Grey skies, wind, rain and no sign of the sun. That’s the British Winter, most of the Autumn, much of the Spring, and a good deal of the Summer too! But, regardless of the climate, there is clearly enough sunshine for solar energy to thrive, and in recent years the UK has witnessed an unprecedented […]Read Full Article
June 21, 2010 by Julia Wasson
Filed under Architects, Architecture, Blog, Books, Community, Construction, Ecopreneurs, Entrepreneurs, Environment, Front Page, Green Living, Homes, Reviews, Slideshow, Solar, Virginia
When I started reading Sustainability by Stuart W. Rose, Ph.D., I expected to learn about the innovative community he and his wife, Trina, had designed and built in Poquoson, Virginia. And I did. But I also learned many more things about sustainable communities and futurism that I hadn’t expected.
The book is an easy read, but also sort of quirky. Rose has a habit of ending one thought with ellipses and trailing off into a new paragraph. He has an interesting idea about where to place commas (e.g., as the last character before closing parentheses) — not exactly standard English composition. But it’s kind of charming in its literary naiveté.
Rose, however, is far from naive. As readers learn at the beginning of the book, “Dr. Rose is a registered architect, and a graduate structural engineer. He holds a doctorate in organizational development, has been a professor at three major universities, and has worked for several decades as an educator and a consultant to architects, consulting engineers, and other design professionals. Sustainability is arranged in chronological chapters, beginning “Circa 1985” with the author’s professional and personal concerns about global sustainability.Read Full Article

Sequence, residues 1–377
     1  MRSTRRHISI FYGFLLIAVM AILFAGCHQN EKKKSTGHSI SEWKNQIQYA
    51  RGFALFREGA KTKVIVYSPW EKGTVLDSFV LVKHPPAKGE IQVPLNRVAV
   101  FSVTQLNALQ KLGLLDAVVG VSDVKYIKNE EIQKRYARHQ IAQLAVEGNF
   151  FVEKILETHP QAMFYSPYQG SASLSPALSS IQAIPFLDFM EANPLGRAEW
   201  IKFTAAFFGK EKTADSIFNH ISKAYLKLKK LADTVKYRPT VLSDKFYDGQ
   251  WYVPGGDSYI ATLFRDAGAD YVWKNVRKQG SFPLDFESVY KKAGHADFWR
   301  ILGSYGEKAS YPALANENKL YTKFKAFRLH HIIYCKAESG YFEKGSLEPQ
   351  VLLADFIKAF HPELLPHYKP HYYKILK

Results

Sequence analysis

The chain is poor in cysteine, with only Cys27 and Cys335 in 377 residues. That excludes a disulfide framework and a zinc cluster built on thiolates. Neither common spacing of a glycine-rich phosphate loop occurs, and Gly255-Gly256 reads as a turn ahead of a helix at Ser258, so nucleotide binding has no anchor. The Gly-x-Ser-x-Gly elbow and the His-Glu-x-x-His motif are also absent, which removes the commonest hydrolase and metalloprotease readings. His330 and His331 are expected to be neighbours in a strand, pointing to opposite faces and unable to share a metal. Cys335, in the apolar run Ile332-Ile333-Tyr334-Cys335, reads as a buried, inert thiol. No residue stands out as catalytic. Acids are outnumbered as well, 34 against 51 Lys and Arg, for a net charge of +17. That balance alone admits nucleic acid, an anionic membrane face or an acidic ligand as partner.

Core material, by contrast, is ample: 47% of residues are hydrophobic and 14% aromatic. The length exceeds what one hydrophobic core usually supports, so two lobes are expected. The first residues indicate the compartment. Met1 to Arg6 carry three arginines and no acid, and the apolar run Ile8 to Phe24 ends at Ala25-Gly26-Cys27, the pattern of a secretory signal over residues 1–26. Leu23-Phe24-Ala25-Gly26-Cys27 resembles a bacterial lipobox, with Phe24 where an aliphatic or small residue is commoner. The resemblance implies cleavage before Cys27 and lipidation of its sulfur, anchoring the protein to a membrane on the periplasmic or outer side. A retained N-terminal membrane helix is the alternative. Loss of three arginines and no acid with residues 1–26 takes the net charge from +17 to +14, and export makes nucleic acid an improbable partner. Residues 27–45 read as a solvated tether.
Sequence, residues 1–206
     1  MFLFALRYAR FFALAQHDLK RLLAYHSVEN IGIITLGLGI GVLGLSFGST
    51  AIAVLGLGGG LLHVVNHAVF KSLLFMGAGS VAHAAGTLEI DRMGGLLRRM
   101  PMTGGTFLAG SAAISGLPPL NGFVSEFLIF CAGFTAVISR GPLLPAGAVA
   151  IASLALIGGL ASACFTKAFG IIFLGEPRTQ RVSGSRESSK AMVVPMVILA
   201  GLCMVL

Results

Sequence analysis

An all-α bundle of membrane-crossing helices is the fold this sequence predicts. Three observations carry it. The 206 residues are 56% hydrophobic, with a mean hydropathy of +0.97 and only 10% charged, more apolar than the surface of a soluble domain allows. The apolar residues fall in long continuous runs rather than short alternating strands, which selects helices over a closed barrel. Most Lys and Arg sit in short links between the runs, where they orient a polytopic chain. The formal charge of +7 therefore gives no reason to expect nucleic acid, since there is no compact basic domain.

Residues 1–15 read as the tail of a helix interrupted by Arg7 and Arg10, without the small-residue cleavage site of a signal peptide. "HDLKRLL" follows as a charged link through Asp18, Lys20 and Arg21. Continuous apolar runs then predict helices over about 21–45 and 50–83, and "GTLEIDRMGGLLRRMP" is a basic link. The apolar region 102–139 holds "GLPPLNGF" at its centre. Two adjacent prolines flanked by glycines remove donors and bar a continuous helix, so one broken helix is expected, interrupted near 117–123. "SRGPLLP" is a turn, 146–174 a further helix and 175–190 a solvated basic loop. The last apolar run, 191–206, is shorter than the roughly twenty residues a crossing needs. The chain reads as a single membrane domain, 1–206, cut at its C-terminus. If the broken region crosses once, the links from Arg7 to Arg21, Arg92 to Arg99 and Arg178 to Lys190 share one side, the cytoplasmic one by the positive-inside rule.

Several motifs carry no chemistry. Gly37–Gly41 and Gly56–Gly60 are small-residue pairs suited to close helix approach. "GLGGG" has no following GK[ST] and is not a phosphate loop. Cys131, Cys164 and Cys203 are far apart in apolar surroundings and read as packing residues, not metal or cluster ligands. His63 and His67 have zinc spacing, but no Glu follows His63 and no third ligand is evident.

Eco-friendly, or “green,” design options are better for everyone involved, from the builders and painters to the people who use the completed structure. The new norm is sustainable design, and “green is the new black” in building and decorating homes, offices, and other buildings.
The primary purpose of sustainable design, according to Wikipedia, is to “eliminate negative environmental impact completely through skillful, sensitive design.” Sustainable design includes green building materials, paint/stain, flooring, counter tops, furniture, hardware/fixtures, lighting, and even decorative accents.
It may sound easy, then, to choose sustainable products and materials when you are building, renovating, or improving a home. Yet, there’s still much to learn in this relatively new field, and the importance of doing things right is overwhelmingly obvious. After all, the more resources we use right now without acknowledging the necessity of sustainability, the less we will have to work with later….Read Full Article
When Rick and Linda Lacy Clayton decided four years ago to retire on a sailboat, they didn’t do it with the intention of becoming environmentalists. But what they’ve learned since is that their very survival — and their finances — depend on their ability to sustain themselves with minimal fuel, power, and water.
Blue Planet Green Living (BPGL) spoke with the Claytons to learn how the experience of living on their sailboat, Sojourner, has changed their daily habits and taught them to keep a small (wet) footprint. The Claytons hail from Dallas, Texas, where Rick retired as a policeman, then spent eight years as a truck driver, and Linda retired from a career in marketing….
BPGL: What a life you have! How did you decide to live on a sailboat?
RICK: We both had some experience sailing. The first vacation after we got married, we chartered a sailboat down in the British Virgin Islands for a week — the two of us on a 35-foot boat. Of course, I knew I was going to love it. On the way back, Linda said, “How soon can we sell everything, buy a boat, and take off?” …Read Full Article
I did not set out to pick a fight with Bill O’Reilly. As a new edition of the old saying goes: Don’t pick fights with people who use power by the gigawatt.
But let this be said: O’Reilly drew First Blood.
It happened just a few hours after the Irvine (California) Unified School District selected my company, SPG Solar, to install solar energy at 21 of its campuses. The new energy system will save the district $17 million over 20 years; will generate about half the energy the schools need; and best of all for this cash-strapped district: It all comes at no cost….Read Full Article